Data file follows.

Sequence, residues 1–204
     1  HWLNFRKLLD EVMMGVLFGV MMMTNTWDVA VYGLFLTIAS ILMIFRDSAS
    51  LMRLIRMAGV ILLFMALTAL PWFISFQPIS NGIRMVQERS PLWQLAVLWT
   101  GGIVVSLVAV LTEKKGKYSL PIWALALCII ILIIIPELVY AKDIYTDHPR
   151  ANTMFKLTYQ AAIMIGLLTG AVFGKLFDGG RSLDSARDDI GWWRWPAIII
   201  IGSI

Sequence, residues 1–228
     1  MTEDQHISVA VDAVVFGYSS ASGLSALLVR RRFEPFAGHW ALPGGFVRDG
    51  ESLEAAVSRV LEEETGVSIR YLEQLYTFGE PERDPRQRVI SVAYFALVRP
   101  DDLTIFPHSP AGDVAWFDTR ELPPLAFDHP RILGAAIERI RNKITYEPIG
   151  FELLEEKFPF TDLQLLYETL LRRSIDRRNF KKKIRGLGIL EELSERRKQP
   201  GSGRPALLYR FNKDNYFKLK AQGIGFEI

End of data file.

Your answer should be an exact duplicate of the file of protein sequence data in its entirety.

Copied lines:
Sequence, residues 1–204
     1  HWLNFRKLLD EVMMGVLFGV MMMTNTWDVA VYGLFLTIAS ILMIFRDSAS
    51  LMRLIRMAGV ILLFMALTAL PWFISFQPIS NGIRMVQERS PLWQLAVLWT
   101  GGIVVSLVAV LTEKKGKYSL PIWALALCII ILIIIPELVY AKDIYTDHPR
   151  ANTMFKLTYQ AAIMIGLLTG AVFGKLFDGG RSLDSARDDI GWWRWPAIII
   201  IGSI

Sequence, residues 1–228
     1  MTEDQHISVA VDAVVFGYSS ASGLSALLVR RRFEPFAGHW ALPGGFVRDG
    51  ESLEAAVSRV LEEETGVSIR YLEQLYTFGE PERDPRQRVI SVAYFALVRP
   101  DDLTIFPHSP AGDVAWFDTR ELPPLAFDHP RILGAAIERI RNKITYEPIG
   151  FELLEEKFPF TDLQLLYETL LRRSIDRRNF KKKIRGLGIL EELSERRKQP
   201  GSGRPALLYR FNKDNYFKLK AQGIGFEI